All these free websites are looking to be nothing more than a raquette of babysitters. It's like all these free online tools are banking on getting their hans in the kitty on prosecuting for malicious or illegal content activities! Will people be billed one far-off day for their IP address and user-agent being used as a Silent Auction token for all the "free" downloads they've made through RapidShare and MegaUpload? Find out next, ...in The Free Market(tm) of Libertea(sm) and Just-us(sm)!

Available on Applie mobile products? (1)

Walking The Walk (1003312) | about 3 years ago | (#35761656)

I'm wondering if these live streams will be available on Apple products (iPhone, iPod Touch, iPad)? Currently they're very restricted; Apple pushed out it's own YouTube app, and Apple has rejected a lot of video streaming apps. You can watch some HTML 5 video, or mp4s, but that's about it. I'd love to for this streaming to "just work", but I can't imagine Apple would allow itself to get cut out of a potential revenue stream.

Re:Available on Applie mobile products? (1)

Salamande (461392) | about 3 years ago | (#35761742)

There's a justin.tv app that works just fine. Which other ones have they rejected?

Re:Available on Applie mobile products? (0)

Anonymous Coward | about 3 years ago | (#35761940)

if you're concerned, maybe you should stop using Apple products?

or shut up and put steve jobs' cock back in your mouth.

Re:Available on Applie mobile products? (1)

tepples (727027) | about 3 years ago | (#35762928)

Then how do I get my customers to follow my lead in not using Apple products? What viable alternative to iPod touch is on the shelves of U.S. electronics stores?

Re:Available on Applie mobile products? (0)

Anonymous Coward | about 3 years ago | (#35763620)

Go a store and look at the shelves. Brave New World!

No Android pod touch in Best Buy (1)

tepples (727027) | about 3 years ago | (#35764020)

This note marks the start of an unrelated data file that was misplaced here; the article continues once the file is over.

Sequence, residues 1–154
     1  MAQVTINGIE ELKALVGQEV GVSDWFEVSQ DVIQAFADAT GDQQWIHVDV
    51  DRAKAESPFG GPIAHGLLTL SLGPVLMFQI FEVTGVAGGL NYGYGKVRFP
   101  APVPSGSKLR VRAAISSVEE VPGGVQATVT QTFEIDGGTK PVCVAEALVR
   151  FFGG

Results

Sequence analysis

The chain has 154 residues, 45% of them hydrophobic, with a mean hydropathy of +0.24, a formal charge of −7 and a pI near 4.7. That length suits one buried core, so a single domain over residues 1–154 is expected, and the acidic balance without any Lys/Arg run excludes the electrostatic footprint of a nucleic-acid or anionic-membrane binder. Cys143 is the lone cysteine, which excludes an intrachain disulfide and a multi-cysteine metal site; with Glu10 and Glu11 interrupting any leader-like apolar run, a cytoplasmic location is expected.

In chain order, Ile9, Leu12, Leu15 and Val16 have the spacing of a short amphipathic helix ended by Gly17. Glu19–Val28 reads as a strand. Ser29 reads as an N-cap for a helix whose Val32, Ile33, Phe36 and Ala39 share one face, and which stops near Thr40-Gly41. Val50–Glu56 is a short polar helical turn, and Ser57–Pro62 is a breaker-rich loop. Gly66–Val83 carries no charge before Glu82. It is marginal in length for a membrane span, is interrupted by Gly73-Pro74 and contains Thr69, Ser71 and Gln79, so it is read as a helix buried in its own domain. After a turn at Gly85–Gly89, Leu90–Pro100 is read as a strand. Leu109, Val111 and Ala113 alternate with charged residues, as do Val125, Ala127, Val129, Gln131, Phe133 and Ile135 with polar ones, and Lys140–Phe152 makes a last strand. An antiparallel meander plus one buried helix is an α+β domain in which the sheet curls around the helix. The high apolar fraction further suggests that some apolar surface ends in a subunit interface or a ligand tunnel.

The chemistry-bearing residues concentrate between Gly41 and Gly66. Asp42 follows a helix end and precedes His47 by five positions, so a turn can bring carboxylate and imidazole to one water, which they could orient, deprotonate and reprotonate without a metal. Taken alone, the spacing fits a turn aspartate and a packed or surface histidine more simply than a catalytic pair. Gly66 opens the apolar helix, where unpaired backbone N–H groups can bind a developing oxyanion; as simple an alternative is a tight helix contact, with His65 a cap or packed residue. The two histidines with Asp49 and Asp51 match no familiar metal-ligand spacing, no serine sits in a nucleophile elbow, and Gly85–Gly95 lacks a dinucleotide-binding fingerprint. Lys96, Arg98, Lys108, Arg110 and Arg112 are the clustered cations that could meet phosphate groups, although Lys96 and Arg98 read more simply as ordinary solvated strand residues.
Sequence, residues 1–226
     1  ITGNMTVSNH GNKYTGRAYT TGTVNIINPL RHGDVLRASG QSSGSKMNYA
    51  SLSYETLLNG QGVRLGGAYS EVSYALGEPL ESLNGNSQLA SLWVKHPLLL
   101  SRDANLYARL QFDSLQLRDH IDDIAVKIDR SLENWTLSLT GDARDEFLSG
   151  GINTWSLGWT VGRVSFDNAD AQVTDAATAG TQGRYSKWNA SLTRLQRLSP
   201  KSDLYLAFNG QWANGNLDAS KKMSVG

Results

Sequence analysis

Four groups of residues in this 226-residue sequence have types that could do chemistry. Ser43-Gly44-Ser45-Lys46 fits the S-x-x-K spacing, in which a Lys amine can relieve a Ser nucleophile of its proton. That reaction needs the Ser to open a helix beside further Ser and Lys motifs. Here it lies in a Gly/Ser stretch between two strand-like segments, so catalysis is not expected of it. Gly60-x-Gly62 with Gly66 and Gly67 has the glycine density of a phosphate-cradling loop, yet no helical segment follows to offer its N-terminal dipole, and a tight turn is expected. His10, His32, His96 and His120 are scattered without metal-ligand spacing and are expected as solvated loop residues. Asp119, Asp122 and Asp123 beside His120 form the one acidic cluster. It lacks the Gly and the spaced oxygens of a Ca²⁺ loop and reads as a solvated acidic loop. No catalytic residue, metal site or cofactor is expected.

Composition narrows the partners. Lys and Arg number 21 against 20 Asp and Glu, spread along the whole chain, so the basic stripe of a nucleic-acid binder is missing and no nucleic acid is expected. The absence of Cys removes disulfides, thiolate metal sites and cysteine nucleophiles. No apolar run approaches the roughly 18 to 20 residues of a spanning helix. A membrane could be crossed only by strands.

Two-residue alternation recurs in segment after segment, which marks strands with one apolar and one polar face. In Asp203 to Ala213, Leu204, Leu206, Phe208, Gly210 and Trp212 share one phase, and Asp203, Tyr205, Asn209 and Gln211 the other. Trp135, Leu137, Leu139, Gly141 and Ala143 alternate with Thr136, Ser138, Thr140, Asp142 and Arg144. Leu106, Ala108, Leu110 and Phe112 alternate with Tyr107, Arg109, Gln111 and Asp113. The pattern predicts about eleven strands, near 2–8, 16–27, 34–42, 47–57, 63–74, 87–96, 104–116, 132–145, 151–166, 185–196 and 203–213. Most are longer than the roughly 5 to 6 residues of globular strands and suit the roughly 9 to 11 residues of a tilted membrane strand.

Go a store and look at the shelves. Brave New World!

I've been to Best Buy. I saw a bunch of alternatives to iPod nano (lesser-known MP3 players) and a bunch of alternatives to iPhone (Android and BlackBerry smartphones), and even a few tablets competing with iPad. But Best Buy stores don't appear to carry anything like the iPod touch, that is, no PMP/PDA in that size range that can play music and video and download and run applications. Pocket PC is discontinued, and Android-powered PDAs like Archos 43 and Samsung Galaxy Player just don't end up on shelves near where I live.

Re:Available on Applie mobile products? (1)

mr100percent (57156) | about 3 years ago | (#35764826)

Apple rejected a lot of video streaming apps?
My iPhone has:
Netflix
UStream
TV.com
Qik
tosh.0
Discovery channel
Hulu plus
[adult swim]
Facebook video
Al-Jazeera English

The App Store also has:
Slingbox
MLB live

Is there a video streaming app that Apple has rejected?

Finally (0)

Anonymous Coward | about 3 years ago | (#35761768)

I can't wait to show everyone my penis.

Interesting that it's Flash (1)

93 Escort Wagon (326346) | about 3 years ago | (#35761834)

It would seem to me - if they really wanted to push VP8 into the mainstream - they could've figured out a way to do this using that protocol rather than falling back to Flash.

I do understand, politically, why they didn't go with h.264. But choosing Flash at this point just seems backwards.

Re:Interesting that it's Flash (-1)

Anonymous Coward | about 3 years ago | (#35762160)

VP8 is not a protocol. Flash doesn't (yet) support WebM. HTML5 fails at streaming. Devices lack WebM. WebM streaming is experimental. Content providers refuse to stream over HTML5. I know nothing about this topic.

Re:Interesting that it's Flash (1)